John Studzinski, senior managing director at Blackstone, worked in soup kitchens as a teenager in Massachusetts, where he also helped start a toll-free number to educate adolescents about sexually transmitted diseases. Today he gives away half of his cash compensation after taxes to the arts, the homeless, and human rights. He’s pledged $10.2 million toward the expansion of the Tate Modern which, considering Blackstone’s stock performance, is quite generous. He’s the vice-chair of Human Rights Watch, and was instrumental in the founding of The Passage, London’s biggest homeless day center where he regularly volunteers. He says it’s “dangerous” to not help those who come to him in need. Without knowing anything else about him, one could make the argument that he’s a pretty selfless, decent human being.
Based on his previous writings about charitable giving, you know Studzinski’s generosity of time and money toward the less fortunate nauseate John Carney. But, quite obviously more importantly, how do you think it makes Studzinski’s boss, Stephen Schwarzman, widely known for his staunch opposition to using his excessive wealth to help others, feel? It’s pretty common knowledge that sucking up to the guy above you on the food chain by pretending to share the same interests is a good way to get that promotion, or to at least ensure the preservation of your current job. (Like this, see—Carney: What are you up to this weekend? Me: Oh, you know, probably just going to head over to the Port Authority, little unprotected sex with trannies here, little intraveous drug usage there. And my regularly scheduled Klan rally on Sunday, of course.) Essentially outright saying that you don’t share his beliefs—and pretty much making the guy look like what some people might call a “cheap bastard”—can’t be good for business.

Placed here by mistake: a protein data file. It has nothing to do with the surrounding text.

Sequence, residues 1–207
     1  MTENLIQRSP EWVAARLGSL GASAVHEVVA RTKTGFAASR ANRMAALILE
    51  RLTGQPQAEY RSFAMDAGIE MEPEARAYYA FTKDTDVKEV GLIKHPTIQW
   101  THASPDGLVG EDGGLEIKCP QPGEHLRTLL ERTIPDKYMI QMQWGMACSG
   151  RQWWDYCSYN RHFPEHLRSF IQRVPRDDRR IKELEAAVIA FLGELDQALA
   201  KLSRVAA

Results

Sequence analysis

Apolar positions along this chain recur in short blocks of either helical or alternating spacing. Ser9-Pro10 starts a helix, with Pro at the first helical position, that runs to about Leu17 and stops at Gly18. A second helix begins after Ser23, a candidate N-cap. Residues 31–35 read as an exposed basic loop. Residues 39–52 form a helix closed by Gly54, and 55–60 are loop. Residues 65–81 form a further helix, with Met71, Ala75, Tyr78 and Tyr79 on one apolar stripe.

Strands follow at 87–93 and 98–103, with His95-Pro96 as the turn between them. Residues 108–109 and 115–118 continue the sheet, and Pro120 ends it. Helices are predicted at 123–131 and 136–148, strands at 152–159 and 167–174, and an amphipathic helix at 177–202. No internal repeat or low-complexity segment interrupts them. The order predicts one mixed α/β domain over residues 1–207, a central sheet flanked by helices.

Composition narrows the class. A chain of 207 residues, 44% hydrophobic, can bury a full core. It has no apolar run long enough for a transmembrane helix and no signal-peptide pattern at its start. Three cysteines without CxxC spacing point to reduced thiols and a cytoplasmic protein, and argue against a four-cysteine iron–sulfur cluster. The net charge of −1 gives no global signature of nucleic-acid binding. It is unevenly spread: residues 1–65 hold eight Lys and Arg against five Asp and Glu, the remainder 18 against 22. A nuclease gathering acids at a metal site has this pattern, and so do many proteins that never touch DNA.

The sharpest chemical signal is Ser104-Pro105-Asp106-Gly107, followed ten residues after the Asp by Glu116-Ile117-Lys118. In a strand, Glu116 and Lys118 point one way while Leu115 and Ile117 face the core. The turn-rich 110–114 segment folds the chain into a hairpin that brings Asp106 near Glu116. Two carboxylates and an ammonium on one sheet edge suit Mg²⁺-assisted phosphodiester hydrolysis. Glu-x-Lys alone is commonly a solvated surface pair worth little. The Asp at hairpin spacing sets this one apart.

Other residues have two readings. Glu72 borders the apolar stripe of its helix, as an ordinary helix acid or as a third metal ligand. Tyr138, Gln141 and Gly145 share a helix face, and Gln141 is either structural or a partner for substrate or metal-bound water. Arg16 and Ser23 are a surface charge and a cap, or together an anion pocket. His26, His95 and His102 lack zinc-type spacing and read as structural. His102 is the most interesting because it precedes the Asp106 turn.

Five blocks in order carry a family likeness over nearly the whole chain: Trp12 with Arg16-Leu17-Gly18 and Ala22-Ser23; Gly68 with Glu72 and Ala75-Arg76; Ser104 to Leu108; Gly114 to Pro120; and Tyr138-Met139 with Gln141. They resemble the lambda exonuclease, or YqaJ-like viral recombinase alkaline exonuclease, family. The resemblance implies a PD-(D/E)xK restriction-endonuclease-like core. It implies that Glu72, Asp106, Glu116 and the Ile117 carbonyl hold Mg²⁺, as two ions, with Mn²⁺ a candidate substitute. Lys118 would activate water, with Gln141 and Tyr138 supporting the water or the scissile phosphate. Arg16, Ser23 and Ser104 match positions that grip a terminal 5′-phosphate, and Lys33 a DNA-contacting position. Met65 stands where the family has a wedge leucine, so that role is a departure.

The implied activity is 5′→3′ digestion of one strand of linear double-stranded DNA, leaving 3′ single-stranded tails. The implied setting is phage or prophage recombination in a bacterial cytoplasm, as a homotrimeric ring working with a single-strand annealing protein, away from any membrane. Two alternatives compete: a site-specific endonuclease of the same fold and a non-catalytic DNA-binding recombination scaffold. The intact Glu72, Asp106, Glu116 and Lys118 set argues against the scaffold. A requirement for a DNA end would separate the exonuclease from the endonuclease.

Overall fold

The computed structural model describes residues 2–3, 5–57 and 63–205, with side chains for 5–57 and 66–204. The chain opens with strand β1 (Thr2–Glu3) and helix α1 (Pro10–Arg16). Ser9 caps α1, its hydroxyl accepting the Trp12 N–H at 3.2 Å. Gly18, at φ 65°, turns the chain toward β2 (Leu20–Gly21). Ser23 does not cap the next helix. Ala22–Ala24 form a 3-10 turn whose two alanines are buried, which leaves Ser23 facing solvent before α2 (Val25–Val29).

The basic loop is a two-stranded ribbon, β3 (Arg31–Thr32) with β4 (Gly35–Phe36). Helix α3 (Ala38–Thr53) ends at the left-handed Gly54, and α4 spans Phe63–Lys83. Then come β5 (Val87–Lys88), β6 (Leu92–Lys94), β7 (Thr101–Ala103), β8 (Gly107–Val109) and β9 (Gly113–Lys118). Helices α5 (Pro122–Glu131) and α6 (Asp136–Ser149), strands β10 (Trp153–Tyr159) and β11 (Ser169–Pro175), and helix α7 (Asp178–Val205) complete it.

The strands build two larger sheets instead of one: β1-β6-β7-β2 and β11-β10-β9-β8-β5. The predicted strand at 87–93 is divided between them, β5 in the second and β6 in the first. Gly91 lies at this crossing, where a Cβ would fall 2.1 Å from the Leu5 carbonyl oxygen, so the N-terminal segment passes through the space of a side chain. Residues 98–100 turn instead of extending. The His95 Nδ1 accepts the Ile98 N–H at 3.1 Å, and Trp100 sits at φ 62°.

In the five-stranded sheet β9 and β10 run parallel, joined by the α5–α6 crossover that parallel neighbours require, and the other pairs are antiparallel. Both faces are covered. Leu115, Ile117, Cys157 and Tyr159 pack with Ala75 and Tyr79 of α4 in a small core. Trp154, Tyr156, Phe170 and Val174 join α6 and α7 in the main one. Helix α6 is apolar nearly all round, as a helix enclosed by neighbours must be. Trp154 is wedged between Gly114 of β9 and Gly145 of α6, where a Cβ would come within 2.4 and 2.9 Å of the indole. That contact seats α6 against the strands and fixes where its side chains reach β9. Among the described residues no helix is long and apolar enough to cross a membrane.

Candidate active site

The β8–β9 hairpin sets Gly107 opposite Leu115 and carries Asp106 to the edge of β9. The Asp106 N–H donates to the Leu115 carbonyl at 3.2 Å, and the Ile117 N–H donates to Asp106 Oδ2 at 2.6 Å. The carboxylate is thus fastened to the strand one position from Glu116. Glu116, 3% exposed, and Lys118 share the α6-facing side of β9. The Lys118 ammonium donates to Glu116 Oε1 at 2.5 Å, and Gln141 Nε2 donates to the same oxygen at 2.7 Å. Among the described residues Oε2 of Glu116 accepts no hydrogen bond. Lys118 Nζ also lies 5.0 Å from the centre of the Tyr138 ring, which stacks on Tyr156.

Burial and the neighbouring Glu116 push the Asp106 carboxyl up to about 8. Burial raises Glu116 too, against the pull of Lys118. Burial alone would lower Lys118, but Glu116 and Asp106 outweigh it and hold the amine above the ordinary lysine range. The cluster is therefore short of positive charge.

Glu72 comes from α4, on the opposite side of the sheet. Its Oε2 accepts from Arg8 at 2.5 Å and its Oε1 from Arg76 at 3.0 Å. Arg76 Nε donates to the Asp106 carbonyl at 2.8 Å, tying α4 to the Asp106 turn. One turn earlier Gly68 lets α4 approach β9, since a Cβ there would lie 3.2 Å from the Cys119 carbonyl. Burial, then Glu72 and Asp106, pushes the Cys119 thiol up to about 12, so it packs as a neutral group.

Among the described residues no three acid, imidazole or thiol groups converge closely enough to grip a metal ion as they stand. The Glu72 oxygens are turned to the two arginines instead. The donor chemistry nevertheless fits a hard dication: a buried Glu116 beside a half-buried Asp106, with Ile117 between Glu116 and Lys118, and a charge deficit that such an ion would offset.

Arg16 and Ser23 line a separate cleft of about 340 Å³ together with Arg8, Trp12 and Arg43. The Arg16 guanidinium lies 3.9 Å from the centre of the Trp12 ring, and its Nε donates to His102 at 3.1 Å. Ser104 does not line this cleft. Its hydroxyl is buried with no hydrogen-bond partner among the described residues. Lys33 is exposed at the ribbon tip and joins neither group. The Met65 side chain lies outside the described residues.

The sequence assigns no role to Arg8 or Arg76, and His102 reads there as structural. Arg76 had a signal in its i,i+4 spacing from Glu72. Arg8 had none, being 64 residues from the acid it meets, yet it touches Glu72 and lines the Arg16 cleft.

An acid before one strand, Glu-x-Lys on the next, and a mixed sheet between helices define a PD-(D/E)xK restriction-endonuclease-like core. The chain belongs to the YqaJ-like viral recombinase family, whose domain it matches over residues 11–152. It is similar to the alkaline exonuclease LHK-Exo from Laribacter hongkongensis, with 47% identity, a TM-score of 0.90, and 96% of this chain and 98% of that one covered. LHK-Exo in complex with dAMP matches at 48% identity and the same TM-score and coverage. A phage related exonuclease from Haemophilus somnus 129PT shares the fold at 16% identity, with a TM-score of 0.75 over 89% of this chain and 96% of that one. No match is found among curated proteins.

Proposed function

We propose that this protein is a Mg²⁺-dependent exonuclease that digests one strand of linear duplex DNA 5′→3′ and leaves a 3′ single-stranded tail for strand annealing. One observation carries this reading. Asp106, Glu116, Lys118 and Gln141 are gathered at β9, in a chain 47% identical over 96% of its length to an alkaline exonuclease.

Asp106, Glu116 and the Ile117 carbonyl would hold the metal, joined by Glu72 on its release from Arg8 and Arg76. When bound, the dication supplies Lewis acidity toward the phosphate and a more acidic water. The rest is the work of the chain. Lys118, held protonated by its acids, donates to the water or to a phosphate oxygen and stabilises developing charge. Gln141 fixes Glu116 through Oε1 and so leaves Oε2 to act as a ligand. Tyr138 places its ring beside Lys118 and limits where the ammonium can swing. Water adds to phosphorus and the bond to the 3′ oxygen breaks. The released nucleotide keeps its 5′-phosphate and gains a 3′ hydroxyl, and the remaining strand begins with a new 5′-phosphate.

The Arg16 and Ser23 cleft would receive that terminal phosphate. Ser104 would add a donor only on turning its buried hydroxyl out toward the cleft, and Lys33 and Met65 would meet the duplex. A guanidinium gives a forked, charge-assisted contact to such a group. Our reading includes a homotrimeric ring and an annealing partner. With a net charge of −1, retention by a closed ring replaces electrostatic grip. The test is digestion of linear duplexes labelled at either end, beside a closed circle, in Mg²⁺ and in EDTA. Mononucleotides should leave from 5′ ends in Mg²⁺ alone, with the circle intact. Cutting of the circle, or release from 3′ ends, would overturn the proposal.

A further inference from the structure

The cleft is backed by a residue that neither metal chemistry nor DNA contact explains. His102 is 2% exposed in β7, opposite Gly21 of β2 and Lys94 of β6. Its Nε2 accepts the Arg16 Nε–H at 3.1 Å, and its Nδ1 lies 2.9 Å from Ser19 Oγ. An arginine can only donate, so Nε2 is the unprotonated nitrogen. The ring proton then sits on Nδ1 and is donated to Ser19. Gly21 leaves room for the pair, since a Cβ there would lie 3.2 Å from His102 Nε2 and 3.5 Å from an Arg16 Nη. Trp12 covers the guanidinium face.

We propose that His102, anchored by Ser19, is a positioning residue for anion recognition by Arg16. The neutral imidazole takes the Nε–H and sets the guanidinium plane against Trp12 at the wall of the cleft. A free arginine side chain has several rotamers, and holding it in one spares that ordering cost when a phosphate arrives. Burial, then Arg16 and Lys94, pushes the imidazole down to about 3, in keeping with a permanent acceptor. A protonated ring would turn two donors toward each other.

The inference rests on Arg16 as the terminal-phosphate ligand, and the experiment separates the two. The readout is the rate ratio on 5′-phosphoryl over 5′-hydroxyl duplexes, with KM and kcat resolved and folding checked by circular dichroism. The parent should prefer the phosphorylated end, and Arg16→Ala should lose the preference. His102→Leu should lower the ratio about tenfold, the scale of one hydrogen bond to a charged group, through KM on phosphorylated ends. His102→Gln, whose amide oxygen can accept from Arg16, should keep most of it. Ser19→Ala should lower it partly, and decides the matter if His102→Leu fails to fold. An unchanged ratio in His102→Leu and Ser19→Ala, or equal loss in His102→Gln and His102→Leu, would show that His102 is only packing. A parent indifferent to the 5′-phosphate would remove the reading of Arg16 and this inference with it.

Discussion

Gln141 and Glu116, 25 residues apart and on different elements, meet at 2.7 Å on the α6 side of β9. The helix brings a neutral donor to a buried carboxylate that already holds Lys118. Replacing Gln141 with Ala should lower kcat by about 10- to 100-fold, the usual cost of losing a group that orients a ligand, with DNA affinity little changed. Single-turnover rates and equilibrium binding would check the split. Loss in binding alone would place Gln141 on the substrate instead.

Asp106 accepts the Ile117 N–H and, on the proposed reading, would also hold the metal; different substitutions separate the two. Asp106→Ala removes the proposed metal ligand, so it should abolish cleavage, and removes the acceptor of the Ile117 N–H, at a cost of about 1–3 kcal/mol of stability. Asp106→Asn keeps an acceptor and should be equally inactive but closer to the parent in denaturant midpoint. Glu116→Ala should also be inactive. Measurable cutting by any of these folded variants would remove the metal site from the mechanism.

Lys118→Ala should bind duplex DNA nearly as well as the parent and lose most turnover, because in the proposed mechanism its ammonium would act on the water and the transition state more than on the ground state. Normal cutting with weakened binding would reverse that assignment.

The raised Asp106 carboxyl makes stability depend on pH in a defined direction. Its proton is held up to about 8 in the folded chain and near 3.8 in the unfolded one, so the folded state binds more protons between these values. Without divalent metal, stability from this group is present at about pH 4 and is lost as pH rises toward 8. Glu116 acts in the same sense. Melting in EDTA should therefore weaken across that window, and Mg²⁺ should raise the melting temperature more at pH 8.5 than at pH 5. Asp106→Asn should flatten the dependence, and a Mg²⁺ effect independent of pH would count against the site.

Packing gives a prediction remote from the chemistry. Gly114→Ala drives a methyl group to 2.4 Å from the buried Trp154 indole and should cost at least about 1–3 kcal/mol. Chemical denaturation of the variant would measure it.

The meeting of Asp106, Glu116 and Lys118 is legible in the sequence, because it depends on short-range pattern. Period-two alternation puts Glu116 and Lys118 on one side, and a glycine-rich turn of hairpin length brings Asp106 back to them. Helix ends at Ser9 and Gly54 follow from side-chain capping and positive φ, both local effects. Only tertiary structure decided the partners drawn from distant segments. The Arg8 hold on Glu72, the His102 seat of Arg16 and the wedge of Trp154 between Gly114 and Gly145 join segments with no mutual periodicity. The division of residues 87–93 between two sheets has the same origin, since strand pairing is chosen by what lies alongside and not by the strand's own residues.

Blackstone’s Studzinski Gives Millions Nurturing Tomorrow’s Art [Bloomberg]
We’re on the record as being skeptics of the charity industry. But even we were surprised to read how little Blackstone’s Stephen Schwarzman gives away. The latest issue of Contribute magazine carries a story by Michael Gross describing the paucity of Old Crab Claws charitable donations.
Perhaps to get him started in that noble pursuit [of charitable giving], the venerable New York Public Library chose to honor him at its annual corporate dinner in June—prompting the usually businessman-friendly New York Sun to pointedly note that Schwarzman’s name appears nowhere on the Chronicle of Philanthropy’s list of the 61 most generous givers. Nor is it on BusinessWeek’s Top 50 Most Generous. And it’s no wonder: the 2006 tax return for his Schwarzman Charitable Foundation shows five-figure assets of only $63,424 and notes that only $991 of that is being held for charitable purposes.